- Czech Republic: Czech Tourism is committed to sustainability. This not only benefits environmental protection, but also the digitization of the 100 ski resorts. The neighboring country is defying the current tense global situation, which is also affecting the ski sector, by investing in energy-saving technologies and the further digitization of its offerings. In response to the energy crisis, Czech ski resorts are also investing almost 30 million euros this winter, which will be used primarily for energy-saving, sustainable measures. Other investments promise savings potential for visitors, with funds going into the expansion of self-service checkouts and further digitization.
- Indonesia: The Indonesian parliament bans sex outside marriage in the future. The new regulations are part of a long-awaited revision of the penal code. They are to come into force after a transitional phase in 2025 at the latest. The law applies not only to citizens of Indonesia, but also to foreigners. „For example, if a Swiss person enters into a relationship with an Indonesian and the family doesn’t like it, they can report it,“ the South Asia correspondent said, according to „srf.ch.“ „Many fear that this can also be bad for Indonesia’s tourism, which is just on the upswing again after the Corona pandemic.“
- Myanmar: The security situation in Myanmar is tense. The German government sees „risks“ for civil aviation. The situation in Myanmar is proving increasingly unstable following a military coup in February 2021. Protests in the country are violently put down. The German warning for the airspace over Myanmar is currently still the first of its kind worldwide, but it has a concrete background. On September 30, an ATR 72-600 of Myanmar International Airlines came under fire on approach to Loi-kaw, and the XY-AML was hit by several bullets.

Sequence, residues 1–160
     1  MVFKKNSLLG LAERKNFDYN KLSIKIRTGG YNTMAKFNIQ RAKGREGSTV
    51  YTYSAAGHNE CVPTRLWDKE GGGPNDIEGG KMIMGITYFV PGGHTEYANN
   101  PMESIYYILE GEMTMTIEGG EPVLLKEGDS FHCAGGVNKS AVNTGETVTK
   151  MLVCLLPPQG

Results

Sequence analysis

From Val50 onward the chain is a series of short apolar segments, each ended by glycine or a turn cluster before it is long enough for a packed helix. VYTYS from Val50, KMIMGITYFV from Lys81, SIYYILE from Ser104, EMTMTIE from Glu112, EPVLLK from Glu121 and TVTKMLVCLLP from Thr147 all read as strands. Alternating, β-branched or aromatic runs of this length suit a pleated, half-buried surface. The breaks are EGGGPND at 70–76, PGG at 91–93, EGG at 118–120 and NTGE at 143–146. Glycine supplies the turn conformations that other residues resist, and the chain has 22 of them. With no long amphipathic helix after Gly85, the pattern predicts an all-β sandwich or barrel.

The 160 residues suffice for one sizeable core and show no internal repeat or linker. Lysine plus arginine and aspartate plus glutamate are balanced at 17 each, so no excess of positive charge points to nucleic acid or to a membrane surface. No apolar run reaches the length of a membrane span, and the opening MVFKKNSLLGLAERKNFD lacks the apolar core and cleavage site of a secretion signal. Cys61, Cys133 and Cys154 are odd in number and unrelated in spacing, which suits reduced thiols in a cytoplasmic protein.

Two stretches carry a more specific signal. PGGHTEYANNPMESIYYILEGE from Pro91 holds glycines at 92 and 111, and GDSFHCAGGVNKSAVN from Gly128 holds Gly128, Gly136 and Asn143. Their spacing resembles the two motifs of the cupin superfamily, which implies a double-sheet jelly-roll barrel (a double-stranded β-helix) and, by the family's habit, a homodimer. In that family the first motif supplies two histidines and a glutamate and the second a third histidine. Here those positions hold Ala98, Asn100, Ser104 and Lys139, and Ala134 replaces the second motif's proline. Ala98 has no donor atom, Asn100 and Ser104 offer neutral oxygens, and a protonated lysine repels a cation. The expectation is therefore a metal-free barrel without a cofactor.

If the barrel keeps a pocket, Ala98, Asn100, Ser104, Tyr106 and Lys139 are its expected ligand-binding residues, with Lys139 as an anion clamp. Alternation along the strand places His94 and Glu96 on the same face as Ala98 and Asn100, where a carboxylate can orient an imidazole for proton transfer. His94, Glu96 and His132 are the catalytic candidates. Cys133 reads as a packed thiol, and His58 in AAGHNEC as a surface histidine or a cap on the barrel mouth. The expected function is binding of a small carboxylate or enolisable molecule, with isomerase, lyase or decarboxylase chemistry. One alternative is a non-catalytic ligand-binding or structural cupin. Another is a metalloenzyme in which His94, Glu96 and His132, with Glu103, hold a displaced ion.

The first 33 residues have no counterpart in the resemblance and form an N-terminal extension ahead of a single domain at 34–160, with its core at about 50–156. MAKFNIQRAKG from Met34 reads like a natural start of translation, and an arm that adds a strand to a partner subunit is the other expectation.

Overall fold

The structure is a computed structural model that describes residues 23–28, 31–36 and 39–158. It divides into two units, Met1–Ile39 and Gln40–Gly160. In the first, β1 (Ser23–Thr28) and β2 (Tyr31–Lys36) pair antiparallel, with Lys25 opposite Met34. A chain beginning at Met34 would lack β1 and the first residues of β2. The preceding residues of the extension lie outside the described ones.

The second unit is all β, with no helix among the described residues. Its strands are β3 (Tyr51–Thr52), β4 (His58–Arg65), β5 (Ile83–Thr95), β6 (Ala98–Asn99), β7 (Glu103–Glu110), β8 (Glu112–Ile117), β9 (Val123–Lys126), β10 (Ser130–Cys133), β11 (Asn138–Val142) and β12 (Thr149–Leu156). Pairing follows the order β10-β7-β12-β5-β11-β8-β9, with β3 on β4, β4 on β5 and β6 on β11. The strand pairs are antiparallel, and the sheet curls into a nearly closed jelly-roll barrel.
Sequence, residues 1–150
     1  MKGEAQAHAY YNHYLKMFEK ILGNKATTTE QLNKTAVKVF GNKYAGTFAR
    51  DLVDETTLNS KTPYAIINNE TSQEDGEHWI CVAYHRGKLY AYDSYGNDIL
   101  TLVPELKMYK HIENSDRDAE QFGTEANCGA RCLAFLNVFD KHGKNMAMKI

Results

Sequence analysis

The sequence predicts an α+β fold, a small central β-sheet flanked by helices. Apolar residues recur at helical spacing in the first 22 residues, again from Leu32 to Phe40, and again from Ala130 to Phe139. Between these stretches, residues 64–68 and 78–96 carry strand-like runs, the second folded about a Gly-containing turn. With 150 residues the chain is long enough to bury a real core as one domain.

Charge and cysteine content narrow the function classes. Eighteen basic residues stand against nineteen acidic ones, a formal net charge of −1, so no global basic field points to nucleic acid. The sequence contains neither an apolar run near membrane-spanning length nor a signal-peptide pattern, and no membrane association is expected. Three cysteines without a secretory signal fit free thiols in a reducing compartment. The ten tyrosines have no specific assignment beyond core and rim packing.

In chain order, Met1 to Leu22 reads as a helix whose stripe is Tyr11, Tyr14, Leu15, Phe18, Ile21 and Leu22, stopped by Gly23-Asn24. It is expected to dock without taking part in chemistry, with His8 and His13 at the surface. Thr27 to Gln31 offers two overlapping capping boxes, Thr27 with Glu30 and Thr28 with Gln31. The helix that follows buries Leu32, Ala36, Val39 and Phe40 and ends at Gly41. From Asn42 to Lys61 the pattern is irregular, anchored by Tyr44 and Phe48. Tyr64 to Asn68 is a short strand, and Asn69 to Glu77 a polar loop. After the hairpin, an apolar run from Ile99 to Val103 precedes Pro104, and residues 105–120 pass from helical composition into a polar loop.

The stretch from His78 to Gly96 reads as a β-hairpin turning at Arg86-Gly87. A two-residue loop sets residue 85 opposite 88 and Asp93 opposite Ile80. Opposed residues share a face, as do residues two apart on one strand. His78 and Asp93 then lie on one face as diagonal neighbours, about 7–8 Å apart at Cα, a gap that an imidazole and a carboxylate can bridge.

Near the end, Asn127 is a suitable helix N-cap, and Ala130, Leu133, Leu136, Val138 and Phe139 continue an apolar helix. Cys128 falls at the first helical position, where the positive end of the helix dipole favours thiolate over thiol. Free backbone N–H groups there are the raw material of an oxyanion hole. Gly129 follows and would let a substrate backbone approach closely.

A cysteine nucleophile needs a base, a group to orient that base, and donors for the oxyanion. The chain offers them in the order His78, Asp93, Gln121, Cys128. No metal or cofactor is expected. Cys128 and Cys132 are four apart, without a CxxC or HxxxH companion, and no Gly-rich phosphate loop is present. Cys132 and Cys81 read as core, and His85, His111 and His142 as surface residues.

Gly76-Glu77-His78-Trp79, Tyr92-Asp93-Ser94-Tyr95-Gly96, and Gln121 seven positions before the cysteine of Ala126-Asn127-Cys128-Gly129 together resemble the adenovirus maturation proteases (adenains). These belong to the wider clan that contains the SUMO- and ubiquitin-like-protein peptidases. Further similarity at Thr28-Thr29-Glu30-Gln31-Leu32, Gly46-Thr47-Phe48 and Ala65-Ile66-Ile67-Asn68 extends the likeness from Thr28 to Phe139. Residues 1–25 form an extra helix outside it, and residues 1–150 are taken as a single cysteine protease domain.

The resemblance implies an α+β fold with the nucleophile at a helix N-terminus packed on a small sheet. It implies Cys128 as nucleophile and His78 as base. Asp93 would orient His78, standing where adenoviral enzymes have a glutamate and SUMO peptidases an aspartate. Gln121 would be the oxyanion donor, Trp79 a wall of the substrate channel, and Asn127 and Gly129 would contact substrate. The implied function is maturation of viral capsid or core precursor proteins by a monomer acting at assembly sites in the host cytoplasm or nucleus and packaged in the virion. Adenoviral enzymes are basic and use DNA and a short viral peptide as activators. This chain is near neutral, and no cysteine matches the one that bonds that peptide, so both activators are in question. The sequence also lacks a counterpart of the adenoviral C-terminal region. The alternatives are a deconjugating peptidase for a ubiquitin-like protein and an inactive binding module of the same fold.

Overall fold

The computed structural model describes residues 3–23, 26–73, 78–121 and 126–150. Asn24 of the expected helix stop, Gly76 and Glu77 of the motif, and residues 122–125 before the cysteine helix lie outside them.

- Namibia: Despite the consequences of the pandemic, Namibia has managed to increase hotel occupancy to an impressive 80% compared to pre-Corona levels thanks to great efforts together with the various players in the hospitality industry. A trend that gives reasonable hope for the 2023 fiscal year. To date, European countries continue to be the most important markets for Namibian tourism, accounting for approximately 65% of all guests. Of the total 128,968 overnight stays in recent months, 40.5% were accounted for by guests from Germany, Switzerland and Austria, 7.5% by tourists from France and 5.8% by overnight visitors from the Benelux countries.
- Netherlands: Amsterdam apparently wants to reorganize the tourist structure. The city launches an advertising campaign against tourists who come to Amsterdam exclusively for sex, drugs and alcohol. Sofyan Barki, deputy mayor of Amsterdam, said, according to The Times, „The goal of the deterrent campaign is to keep away visitors we don’t want. If we love the city, we have to act now.“ Barki aims to focus on cultural tourism, especially since the city has numerous monuments and museums, he said.
- Thailand: Tourism Authority of Thailand (TAT) Governor Yuthasak Supasorn shared Thalland’s plan to reach 10 million international visitor arrivals in 2022. As one of the speakers at the panel discussion on ‚The Recovery of Travel in Asia and the Pacific,‘ Yuthasak highlighted the strategies and approaches the TAT is using to achieve these goals, forecasting a return to 80% of pre-pandemic total tourism revenue.
- Tunisia: As the Tunisian Tourist Office announced today, the country bordering the Mediterranean Sea and the Sahara in North Africa, lifts all Covid entry restrictions. This means that entry at all Tunisian airports is now possible again without a Covid vaccination certificate and without PCR or antigen testing. The wearing of safety masks is still recommended – especially in case of symptoms – on all flights.